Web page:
- Buyer's Guide
How do safety leaders and managers create a culture of safety? Knowing that safety is important is clearly not enough. Slogans like "Safety First" or "Target Zero" may be powerful and eloquent, but they typically don’t produce the buy-in that is necessary.
The only way to change a culture is to get an extremely high level of repeatable buy-in. That means the message from leadership has to be very clear and simple to implement. It also means you have to be realistic about what’s working.
Have you noticed that the job site with the best safety record is the one where the boss makes everyone feel valuable, the people seem to trust one another and everyone gets along well? While there may be a few exceptions, most research confirms that people make fewer mistakes when they feel valuable. They are more loyal and watch out for each other. They are consistently willing to do more of what they are asked to do. All of this results in dramatically fewer incidents and a true culture of safety. But how do you make that happen in your organization or at your location? Here are seven ways to achieve a culture of safety and reduce incidents:
Whether you are a leader who is driving safety forward or just a person on the job trying to be good at what you do without being hurt, influence is required. Are you influential enough to make safety happen around you? Do you have the trust and the relationships in place to help safety concepts and procedures remain effective?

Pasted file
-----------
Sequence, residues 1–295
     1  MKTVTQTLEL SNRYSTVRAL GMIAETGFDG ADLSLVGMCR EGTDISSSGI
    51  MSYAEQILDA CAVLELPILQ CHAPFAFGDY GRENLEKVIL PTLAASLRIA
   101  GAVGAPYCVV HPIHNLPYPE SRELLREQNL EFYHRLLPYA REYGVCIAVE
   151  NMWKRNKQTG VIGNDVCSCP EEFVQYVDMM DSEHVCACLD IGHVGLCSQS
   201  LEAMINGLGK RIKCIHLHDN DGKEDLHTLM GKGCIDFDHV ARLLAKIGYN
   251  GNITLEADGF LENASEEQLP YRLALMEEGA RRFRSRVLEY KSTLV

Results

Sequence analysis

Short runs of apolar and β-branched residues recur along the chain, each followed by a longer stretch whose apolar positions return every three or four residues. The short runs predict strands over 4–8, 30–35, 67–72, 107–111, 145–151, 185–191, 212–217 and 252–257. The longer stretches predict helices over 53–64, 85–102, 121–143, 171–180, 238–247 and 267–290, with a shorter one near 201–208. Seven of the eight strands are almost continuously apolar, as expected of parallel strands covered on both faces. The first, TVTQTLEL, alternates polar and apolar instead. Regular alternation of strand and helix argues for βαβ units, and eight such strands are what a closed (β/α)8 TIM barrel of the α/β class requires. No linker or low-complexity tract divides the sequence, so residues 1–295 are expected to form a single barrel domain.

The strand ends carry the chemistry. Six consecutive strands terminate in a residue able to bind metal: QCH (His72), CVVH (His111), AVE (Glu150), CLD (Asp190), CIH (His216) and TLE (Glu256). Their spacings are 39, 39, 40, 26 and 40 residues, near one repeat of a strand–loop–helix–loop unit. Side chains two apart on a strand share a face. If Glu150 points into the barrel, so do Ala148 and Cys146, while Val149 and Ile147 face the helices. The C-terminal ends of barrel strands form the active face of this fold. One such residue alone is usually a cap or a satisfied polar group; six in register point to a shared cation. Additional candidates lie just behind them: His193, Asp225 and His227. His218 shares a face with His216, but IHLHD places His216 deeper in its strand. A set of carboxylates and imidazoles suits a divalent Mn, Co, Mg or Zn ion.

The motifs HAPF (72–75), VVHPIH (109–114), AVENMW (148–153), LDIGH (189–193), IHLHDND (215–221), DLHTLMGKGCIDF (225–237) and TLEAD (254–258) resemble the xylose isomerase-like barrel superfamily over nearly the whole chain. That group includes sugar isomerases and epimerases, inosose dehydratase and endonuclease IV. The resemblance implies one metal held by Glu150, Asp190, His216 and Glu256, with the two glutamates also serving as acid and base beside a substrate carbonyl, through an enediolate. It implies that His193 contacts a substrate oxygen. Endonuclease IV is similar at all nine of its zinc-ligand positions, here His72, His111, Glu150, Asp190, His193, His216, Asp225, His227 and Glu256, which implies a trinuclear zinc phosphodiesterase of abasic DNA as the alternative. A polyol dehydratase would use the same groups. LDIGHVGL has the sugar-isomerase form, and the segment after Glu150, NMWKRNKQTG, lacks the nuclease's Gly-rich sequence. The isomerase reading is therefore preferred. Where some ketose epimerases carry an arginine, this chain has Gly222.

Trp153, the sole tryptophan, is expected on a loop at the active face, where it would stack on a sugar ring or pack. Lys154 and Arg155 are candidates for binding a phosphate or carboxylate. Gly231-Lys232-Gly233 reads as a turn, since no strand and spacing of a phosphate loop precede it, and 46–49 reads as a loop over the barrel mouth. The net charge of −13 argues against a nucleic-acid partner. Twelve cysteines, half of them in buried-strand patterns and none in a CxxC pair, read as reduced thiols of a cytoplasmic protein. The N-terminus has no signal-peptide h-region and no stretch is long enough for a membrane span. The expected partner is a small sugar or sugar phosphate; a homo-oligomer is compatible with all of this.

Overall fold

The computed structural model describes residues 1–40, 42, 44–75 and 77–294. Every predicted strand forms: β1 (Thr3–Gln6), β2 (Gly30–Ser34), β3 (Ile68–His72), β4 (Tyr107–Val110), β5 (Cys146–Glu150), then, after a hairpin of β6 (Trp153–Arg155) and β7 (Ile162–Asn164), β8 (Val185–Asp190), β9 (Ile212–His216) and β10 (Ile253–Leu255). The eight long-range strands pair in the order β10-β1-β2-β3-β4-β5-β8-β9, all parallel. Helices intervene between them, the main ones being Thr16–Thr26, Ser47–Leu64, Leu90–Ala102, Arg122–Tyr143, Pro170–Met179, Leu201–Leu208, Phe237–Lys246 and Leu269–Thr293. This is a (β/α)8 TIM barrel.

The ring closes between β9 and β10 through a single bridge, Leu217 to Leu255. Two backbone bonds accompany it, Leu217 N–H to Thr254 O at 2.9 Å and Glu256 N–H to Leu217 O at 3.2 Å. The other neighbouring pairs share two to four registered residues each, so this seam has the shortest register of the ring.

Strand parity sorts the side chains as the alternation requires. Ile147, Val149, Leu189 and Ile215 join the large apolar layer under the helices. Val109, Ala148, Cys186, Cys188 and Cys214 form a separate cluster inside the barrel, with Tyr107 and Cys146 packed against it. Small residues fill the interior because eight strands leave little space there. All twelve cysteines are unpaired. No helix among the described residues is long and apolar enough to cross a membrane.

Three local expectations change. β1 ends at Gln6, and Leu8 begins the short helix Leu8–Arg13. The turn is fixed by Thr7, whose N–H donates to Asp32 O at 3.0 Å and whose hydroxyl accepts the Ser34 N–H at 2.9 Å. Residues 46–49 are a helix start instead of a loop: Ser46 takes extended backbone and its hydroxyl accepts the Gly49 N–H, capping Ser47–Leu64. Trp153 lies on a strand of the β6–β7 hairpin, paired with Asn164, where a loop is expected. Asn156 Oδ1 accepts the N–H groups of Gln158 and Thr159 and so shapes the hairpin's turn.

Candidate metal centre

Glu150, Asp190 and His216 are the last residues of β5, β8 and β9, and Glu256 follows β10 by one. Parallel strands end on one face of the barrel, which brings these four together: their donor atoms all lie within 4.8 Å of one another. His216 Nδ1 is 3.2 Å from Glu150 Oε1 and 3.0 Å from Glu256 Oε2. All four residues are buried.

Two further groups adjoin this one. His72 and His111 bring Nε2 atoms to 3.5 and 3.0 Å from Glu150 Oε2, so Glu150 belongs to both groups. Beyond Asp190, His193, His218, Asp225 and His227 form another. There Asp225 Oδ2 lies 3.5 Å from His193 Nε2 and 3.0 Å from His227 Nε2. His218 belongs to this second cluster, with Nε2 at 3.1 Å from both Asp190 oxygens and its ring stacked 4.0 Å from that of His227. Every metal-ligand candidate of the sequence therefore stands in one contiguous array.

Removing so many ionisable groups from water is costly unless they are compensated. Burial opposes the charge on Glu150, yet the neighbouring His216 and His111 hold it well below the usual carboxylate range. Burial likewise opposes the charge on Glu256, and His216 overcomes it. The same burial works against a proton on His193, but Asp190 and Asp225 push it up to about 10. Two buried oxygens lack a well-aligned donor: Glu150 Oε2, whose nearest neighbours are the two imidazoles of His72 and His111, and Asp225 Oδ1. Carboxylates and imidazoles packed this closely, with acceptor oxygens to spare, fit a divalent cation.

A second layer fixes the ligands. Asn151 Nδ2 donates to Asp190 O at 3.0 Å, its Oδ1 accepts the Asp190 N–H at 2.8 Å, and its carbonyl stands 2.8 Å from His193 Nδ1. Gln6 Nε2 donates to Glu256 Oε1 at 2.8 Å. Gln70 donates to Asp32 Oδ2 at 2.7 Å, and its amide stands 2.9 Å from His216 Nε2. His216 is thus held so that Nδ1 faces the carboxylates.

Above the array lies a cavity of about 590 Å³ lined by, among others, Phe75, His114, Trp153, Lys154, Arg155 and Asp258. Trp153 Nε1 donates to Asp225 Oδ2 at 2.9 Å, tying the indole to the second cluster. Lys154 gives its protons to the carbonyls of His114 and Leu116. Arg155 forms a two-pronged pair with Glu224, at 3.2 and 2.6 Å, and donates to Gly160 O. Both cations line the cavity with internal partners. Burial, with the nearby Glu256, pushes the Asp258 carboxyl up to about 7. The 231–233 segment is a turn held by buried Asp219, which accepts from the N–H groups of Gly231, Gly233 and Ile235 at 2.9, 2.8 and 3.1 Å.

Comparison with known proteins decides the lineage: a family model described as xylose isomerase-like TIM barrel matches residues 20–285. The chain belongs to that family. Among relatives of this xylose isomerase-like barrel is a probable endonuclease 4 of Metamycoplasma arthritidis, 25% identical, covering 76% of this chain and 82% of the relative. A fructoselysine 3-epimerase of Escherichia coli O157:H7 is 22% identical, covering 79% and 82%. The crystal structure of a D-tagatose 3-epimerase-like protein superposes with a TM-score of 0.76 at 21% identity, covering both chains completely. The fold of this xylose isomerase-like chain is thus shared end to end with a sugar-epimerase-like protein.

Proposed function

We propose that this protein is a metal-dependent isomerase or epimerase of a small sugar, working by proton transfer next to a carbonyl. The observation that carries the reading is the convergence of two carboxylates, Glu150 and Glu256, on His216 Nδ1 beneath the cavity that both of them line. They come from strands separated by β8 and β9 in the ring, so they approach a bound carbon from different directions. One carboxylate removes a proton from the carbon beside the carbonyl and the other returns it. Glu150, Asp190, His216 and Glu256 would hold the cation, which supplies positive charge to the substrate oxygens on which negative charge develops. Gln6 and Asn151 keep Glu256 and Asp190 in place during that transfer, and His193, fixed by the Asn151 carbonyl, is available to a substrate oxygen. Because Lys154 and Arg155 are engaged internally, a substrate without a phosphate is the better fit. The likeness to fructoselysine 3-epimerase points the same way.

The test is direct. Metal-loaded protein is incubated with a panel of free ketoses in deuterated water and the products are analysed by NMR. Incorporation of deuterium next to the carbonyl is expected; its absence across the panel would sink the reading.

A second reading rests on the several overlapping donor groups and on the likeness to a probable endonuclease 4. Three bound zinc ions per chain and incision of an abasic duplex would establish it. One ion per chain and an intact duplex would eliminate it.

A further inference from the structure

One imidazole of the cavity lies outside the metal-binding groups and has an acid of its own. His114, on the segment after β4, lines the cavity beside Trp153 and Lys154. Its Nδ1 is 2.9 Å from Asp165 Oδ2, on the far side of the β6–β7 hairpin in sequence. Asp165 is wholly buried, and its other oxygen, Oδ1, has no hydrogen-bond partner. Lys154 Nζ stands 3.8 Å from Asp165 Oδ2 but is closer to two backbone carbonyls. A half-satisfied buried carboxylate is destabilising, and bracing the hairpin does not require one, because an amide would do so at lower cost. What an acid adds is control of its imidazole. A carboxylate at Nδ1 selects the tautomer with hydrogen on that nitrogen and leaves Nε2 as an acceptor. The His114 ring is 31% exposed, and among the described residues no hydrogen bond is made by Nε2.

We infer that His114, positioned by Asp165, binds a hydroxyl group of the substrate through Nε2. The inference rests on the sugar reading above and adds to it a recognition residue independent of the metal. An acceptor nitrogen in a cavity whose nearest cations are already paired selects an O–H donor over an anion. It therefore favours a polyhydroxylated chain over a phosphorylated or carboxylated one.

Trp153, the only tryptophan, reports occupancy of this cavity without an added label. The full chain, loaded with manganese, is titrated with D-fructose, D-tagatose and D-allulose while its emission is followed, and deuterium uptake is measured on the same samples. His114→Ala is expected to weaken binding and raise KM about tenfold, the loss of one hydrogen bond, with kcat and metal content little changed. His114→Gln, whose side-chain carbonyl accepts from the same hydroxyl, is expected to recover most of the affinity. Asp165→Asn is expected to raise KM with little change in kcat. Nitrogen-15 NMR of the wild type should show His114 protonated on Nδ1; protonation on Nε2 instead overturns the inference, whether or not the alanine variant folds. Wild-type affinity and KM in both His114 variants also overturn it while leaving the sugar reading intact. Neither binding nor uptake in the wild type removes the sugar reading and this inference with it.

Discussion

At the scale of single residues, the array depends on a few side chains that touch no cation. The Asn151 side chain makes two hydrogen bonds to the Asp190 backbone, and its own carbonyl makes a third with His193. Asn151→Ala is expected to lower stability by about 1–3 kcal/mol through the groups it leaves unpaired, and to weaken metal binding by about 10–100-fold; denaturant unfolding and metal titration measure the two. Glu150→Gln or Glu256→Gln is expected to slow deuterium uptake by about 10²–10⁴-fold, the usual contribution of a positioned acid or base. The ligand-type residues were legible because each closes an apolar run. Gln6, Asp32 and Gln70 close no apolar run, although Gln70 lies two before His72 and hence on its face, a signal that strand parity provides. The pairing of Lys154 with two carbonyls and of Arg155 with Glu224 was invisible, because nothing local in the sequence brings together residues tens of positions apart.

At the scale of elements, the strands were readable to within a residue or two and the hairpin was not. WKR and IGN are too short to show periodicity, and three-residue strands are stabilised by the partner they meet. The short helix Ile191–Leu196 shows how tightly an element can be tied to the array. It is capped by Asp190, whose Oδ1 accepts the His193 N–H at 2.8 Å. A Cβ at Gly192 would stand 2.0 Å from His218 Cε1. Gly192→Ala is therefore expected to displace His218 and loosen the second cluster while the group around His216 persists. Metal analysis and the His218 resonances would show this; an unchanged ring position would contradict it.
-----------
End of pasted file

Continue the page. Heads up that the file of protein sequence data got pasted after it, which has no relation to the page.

For some, it may be hard to buy into how important it is for people to have a supportive environment to do their job. You may think that people should just do what they are supposed to do and be safe, but in reality the overwhelming success of this approach is kind of like listening to NASCAR on the radio; You personally may not believe it makes any sense, but for some strange reason it’s still happening.
About the Author
Garrison Wynn helps people learn how to make the jump from being great at what they do to understanding and developing the qualities it takes to be chosen for the job. As a keynote speaker, advisor and entertainer, he has worked with some of the world's most effective corporate leaders and salespeople. He has a background in manufacturing, entertainment, telecommunications and financial services. For information on Garrison’s speaking or consulting, visit www.keynote-speaker-motivational.com/safety-speaker.htm.